Cllr Alexi Dimond
Cllr Alexi Dimond

Green Party Councillors have welcomed the reduction in the use of glyphosate, a chemical used to kill vegetation, by Sheffield City Council.

Use of glyphosate by Streets Ahead (contracted to maintain Sheffield’s street scene) has been reduced from 140,000 litres of diluted product in 2019 to 50,000 so far in 2023.

There are concerns about the health impact of glyphosate use, with it being cited as a possible cause of cancer and organ damage.

The UK is also facing a nature emergency with a 60% decline of flying insects lost in the last 20 years¹, with glyphosate one of the reasons cited for a decline in bee populations².

Councillor Alexi Dimond Green Party Spokesperson on the Waste and Street Scene Committee said,

“With the spraying period almost over, this is a huge ⅔ reduction in use. While glyphosate will unfortunately still be sprayed on hard surfaces, it will not be used on verges or tree pits.”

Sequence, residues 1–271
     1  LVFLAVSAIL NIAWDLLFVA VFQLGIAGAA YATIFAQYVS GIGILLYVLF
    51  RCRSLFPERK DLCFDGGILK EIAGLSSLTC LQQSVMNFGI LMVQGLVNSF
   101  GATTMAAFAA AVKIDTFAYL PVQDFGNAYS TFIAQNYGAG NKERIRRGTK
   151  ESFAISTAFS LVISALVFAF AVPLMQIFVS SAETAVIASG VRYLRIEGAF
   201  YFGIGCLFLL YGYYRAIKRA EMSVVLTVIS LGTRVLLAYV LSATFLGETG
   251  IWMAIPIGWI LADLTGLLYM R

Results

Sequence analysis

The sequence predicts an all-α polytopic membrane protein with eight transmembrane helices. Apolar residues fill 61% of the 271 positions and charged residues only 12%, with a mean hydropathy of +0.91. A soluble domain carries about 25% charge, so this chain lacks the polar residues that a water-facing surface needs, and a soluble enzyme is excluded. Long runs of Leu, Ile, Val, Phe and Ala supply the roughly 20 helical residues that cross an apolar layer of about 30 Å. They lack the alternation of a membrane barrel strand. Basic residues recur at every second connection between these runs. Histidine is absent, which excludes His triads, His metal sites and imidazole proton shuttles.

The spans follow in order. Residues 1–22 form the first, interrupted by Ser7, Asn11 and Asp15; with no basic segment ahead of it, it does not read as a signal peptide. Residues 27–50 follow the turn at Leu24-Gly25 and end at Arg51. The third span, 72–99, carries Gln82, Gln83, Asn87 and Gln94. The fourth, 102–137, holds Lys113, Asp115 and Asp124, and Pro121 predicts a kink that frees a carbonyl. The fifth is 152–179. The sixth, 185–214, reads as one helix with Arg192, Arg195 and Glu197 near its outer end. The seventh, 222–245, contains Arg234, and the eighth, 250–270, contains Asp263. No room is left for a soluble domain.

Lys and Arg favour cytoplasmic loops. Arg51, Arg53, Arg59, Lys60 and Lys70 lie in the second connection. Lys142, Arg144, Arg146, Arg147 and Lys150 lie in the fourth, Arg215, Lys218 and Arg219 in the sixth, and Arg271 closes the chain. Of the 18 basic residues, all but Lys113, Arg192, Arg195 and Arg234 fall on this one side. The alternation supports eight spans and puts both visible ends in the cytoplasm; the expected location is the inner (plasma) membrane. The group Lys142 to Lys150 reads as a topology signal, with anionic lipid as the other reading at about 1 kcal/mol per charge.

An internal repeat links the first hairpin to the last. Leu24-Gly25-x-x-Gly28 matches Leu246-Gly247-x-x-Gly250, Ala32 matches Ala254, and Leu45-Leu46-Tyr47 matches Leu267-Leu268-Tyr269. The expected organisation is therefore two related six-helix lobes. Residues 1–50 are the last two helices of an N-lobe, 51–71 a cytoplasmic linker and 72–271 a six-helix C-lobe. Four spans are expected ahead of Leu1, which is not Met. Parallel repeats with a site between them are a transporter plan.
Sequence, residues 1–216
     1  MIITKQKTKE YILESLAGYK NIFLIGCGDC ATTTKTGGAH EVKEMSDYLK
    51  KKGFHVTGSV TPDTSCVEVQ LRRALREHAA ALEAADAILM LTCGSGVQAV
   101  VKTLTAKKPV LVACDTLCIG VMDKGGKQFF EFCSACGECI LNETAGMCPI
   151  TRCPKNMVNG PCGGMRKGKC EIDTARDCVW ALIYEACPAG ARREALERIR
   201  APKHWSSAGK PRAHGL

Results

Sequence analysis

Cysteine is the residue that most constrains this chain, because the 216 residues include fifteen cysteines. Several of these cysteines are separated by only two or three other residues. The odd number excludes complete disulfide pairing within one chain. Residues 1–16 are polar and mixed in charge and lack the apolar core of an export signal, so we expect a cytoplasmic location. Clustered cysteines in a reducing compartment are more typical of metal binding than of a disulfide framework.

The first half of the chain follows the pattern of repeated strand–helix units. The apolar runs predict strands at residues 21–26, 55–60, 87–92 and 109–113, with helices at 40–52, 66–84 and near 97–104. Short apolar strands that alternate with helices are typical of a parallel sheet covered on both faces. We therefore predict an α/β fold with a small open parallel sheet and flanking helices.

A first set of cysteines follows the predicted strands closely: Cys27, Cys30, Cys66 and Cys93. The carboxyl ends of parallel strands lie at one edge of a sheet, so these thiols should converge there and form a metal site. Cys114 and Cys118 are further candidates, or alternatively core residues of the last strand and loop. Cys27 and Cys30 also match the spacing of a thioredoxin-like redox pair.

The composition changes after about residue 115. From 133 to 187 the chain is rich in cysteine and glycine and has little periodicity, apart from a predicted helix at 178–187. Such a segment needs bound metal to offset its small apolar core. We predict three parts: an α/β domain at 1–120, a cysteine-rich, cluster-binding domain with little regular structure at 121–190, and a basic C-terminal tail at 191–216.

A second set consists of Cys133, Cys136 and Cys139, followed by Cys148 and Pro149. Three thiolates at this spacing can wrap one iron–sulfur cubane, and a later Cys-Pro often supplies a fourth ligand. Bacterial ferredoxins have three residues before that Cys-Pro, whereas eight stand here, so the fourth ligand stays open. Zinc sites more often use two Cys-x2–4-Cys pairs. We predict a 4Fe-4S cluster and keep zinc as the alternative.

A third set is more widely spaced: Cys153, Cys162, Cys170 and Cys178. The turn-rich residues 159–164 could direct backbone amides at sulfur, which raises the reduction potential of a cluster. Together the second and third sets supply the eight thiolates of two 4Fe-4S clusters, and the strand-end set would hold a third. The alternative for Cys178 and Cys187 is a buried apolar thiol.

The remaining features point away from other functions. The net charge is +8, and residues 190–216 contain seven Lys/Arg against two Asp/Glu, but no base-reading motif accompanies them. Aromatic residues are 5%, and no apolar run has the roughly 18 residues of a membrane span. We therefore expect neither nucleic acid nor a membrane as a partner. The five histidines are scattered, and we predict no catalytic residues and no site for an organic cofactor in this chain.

Cllr Dimond also asked for indicative targets for further reductions and for a report to be brought to the committee on options – showing costs and impacts – of phasing out glyphosate use by StreetsAhead entirely by 2025. The Greens also asked for the council to spread awareness of the nature emergency to build tolerance of vegetation growth and supporting biodiversity.

The Waste and Street Scene Committee agreed to consider this proposal and added it to its work programme.

Cllr Dimond welcomed progress so far saying:

“These reductions are really substantial. We also called for more details of how further reductions can be achieved. We want to see options & cost implications for phasing out glyphosate entirely within the constraints of the StreetsAhead contract.

“It’s important that this information is in the public domain to help inform residents & ensure decision making is transparent”.


UK’s flying insects have declined by 60% in 20 Years – Natural History Museum

UK’s flying insects have declined by 60% in 20 years | Natural History Museum (


What’s the problem with Roundup – Ecology Center

²So What’s the Problem With Roundup? | Ecology Center